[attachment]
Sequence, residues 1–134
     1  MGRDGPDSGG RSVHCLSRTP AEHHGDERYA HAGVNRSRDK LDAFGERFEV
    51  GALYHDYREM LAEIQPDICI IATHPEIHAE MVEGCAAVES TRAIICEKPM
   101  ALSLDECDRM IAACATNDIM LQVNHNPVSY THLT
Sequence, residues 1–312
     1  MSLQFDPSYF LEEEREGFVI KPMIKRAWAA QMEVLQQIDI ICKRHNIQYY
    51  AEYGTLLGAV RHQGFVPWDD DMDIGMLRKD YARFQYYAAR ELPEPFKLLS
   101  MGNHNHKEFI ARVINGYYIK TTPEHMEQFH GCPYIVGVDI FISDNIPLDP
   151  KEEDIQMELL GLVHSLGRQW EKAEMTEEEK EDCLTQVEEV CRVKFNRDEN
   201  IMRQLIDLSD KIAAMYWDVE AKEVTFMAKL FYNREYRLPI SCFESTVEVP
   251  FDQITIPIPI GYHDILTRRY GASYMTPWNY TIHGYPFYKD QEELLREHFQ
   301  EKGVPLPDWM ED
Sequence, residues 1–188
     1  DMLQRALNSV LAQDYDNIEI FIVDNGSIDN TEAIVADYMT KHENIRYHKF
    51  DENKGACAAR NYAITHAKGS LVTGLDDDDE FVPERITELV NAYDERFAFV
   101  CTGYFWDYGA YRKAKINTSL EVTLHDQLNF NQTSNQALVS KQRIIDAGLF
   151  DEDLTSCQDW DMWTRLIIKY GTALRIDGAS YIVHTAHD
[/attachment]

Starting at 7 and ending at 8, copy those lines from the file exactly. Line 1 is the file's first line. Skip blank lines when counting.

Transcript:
    51  AEYGTLLGAV RHQGFVPWDD DMDIGMLRKD YARFQYYAAR ELPEPFKLLS
   101  MGNHNHKEFI ARVINGYYIK TTPEHMEQFH GCPYIVGVDI FISDNIPLDP